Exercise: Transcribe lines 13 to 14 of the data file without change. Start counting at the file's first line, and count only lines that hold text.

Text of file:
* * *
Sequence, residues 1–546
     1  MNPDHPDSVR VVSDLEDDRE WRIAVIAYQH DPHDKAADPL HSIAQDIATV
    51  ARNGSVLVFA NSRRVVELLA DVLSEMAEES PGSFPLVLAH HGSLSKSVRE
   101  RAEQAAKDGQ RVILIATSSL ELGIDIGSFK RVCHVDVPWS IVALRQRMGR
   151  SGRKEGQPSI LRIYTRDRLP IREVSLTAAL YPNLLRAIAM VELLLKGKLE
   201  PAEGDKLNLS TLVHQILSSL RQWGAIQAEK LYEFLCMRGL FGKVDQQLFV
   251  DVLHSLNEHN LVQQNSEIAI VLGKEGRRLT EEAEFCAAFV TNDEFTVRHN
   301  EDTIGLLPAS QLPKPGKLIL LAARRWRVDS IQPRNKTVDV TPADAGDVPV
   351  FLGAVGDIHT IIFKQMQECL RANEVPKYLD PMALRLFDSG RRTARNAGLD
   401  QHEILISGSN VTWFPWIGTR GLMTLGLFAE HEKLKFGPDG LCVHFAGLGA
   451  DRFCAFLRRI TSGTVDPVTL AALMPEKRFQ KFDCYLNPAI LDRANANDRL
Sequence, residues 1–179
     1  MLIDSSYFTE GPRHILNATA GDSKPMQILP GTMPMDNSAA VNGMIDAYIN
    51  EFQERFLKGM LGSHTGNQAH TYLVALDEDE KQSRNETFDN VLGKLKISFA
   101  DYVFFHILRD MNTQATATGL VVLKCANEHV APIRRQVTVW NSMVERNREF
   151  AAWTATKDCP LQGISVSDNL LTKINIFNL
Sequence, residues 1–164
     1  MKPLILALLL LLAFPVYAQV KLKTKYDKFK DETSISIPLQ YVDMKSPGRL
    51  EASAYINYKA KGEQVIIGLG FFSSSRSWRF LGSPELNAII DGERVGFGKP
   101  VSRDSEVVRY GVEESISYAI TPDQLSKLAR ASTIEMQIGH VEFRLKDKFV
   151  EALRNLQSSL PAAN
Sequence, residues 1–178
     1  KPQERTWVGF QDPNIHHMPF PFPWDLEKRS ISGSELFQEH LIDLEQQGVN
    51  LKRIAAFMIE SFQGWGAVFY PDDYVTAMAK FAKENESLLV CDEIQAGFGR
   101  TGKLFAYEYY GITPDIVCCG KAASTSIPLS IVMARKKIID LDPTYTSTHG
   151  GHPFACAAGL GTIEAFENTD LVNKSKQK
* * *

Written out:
     1  MLIDSSYFTE GPRHILNATA GDSKPMQILP GTMPMDNSAA VNGMIDAYIN
    51  EFQERFLKGM LGSHTGNQAH TYLVALDEDE KQSRNETFDN VLGKLKISFA